|Snow||Description||Penalty per h/u|
Table 35.8 High Gravity Effects PenaltyOh the gravitas.
|Encumbrance Level||Flat To Hit Roll Penalty|
|Lift Only||Lift Only|
|Encumbrance||Flat To Hit Roll Penalty|
Cover and Concealment
Cover and concealment are to hit roll penalties that are attributed to cover taken by the target. They are different from other to hit adjustments in that cover and concealment depend on the actions of the target. Cover and concealment penalties apply to weapon types B and C only.
Cover and concealment penalties are based on the percentage of the target that is protected by the cover/concealment. The table is based on the premise that there is some portion of the target is still visible some time during the unit. If the target is completely hidden and not poking out to attack during the unit then the target is completely concealed. Attacks made would be firing blind.
Cover: Cover is any solid or otherwise impenetrable barrier that the persona places between her body and the attacker’s weapon. Typical covers are rocks, tree trunks, hills, and corners of buildings. The more cover that a target has, the more difficult it is to hit.
Concealment: Concealment is when a persona places some non-solid obscuring or distracting barrier between herself and the attacker’s weapon. The major difference 13,etWeen cover and concealment is that cover will stop the attack when it comes in, acting as impenetrable armour for the persona, but concealment does not stop the opponent’s attacks, and merely hides the persona from the attacker. The key difference is that cover is impenetrable to the attacking weapon, while concealment is not. Thus a persona may find her previous cover downgraded to concealment if the attacker starts using a more powerful weapon.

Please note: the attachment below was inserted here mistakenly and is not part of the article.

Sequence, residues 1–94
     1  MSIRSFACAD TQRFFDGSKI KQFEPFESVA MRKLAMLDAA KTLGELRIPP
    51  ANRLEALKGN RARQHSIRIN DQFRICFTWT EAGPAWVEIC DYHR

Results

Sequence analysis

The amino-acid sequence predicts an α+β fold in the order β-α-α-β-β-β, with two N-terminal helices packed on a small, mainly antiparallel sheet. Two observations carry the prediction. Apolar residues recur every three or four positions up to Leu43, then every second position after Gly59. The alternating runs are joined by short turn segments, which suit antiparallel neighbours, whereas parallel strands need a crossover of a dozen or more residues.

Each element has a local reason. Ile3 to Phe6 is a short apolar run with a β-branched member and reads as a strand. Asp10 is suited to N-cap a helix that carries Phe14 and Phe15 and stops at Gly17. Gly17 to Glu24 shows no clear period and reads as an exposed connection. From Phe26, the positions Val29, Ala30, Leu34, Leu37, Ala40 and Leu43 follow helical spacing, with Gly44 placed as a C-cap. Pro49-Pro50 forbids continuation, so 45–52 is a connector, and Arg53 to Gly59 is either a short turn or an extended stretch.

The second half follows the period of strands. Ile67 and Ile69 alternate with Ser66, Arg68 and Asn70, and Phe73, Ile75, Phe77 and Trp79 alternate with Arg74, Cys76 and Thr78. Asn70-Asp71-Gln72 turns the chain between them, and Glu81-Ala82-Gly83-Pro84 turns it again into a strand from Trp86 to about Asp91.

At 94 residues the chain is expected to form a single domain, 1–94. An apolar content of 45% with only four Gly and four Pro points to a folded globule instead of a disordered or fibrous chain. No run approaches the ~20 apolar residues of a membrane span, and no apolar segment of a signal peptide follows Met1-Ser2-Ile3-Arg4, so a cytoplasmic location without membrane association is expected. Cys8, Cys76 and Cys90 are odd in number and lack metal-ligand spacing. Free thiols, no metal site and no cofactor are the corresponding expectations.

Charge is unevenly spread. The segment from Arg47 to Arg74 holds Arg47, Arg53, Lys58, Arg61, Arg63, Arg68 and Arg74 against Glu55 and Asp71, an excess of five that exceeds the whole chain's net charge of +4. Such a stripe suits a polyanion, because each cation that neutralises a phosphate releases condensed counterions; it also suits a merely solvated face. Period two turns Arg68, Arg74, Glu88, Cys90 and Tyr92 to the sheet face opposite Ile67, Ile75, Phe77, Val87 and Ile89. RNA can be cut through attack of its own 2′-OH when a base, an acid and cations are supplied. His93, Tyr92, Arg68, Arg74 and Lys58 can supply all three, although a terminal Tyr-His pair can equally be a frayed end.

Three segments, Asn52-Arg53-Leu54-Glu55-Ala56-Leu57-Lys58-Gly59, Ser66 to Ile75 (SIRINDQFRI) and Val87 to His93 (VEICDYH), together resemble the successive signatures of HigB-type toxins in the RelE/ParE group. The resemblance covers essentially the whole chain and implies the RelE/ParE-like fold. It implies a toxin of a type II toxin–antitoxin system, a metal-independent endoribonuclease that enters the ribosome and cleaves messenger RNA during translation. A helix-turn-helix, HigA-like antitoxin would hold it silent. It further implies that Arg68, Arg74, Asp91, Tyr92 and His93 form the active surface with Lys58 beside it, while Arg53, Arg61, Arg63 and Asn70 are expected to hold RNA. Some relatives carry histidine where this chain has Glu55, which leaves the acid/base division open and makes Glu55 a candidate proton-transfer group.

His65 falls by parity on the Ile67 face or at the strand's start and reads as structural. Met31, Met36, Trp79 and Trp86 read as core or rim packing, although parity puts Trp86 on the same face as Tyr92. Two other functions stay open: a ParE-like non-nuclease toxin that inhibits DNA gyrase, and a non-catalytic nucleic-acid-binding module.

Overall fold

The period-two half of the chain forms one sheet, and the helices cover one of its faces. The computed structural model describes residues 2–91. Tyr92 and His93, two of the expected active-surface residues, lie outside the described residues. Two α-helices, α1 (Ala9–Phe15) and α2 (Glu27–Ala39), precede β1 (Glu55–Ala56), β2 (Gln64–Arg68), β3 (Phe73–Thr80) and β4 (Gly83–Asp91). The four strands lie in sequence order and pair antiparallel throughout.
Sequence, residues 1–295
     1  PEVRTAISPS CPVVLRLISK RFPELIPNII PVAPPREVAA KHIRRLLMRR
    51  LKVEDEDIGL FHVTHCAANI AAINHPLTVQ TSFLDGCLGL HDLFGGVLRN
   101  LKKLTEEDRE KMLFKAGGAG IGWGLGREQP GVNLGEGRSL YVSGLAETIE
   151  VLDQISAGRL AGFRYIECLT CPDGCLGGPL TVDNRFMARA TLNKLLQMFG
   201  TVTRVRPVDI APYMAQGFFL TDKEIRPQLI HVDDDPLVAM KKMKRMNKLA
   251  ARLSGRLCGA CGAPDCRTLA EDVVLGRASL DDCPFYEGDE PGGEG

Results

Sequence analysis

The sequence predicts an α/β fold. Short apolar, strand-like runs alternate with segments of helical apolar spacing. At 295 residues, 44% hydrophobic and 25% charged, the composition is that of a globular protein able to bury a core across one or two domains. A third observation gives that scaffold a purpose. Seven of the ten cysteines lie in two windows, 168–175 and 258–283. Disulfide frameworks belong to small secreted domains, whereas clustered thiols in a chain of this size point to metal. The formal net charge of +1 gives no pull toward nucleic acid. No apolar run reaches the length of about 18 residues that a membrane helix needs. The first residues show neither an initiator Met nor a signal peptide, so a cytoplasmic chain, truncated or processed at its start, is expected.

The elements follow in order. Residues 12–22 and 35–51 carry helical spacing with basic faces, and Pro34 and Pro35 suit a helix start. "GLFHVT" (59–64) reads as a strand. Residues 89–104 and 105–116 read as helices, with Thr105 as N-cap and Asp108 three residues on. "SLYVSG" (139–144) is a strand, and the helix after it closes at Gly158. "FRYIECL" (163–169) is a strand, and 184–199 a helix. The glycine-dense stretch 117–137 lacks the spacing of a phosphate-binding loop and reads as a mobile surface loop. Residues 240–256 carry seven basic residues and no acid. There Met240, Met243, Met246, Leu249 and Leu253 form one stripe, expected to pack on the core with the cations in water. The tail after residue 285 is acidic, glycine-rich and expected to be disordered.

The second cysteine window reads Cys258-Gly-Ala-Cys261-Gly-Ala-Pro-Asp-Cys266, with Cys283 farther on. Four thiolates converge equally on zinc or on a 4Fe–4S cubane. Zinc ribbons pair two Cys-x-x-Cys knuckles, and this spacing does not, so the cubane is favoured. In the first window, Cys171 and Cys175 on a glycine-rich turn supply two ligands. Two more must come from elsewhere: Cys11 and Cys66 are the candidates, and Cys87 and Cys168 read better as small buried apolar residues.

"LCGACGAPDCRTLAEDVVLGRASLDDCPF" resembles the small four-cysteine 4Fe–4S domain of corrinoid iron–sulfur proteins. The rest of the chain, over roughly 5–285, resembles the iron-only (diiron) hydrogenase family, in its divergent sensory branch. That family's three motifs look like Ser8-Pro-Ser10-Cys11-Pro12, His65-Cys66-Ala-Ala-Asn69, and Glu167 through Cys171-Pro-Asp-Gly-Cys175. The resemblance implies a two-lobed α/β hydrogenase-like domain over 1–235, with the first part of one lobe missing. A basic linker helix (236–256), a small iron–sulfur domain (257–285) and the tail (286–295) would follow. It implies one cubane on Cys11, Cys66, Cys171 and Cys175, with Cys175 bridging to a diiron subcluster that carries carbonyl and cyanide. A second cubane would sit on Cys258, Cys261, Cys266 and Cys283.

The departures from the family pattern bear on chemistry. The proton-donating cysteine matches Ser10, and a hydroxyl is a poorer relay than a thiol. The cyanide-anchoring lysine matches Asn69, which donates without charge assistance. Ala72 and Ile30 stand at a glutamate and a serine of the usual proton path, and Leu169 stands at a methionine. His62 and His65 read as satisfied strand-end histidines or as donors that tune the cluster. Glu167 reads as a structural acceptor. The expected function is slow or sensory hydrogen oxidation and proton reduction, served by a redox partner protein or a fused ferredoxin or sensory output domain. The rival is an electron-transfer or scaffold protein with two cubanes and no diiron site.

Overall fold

Example: If a target was enjoying 90% cover, then flat penalty would –450 on the To Hit Roll. If the attacker were to switch to a weapon that was not stopped by the cover, the target would have 90% concealment, and the to hit roll flat penalty would be –80. Cover and concealment are not cumulative the target may have only one or the other.
Table 35.9 Cover and Concealment PenaltyOne persona's penalty is another persona's protection. Simply put cover will block an attack, concealment will not.
|% Target Hidden||Cover Flat Penalty||Conceal Flat Penalty||Example|
|90||-450||-80||Looking through a slit.|
|75||-220||-60||Peeking around a corner or over a hill.|
|66||-175||-40||Pistol or binox around a corner.|
|50||-125||-20||Rifle around corner.|
|33||-80||--||Type A or Type B weapons around corner.|
|% Hidden||Cover Penalty||Concealment Penalty||Example|
Firing blind refers to attacks made against targets which are not visible, ones that have 100% cover or concealment. Blind firing is also employed when the attacker cannot see her target due to smoke, blindness, invisibility, tear gas, etc. Firing blind is based on the principle that before the attacker can even try her to hit roll, she must first make a percentage roll to determine whether her attack will even warrant one. The chance of getting a to hit roll depends on the target’s size, and what information the attacker has about it.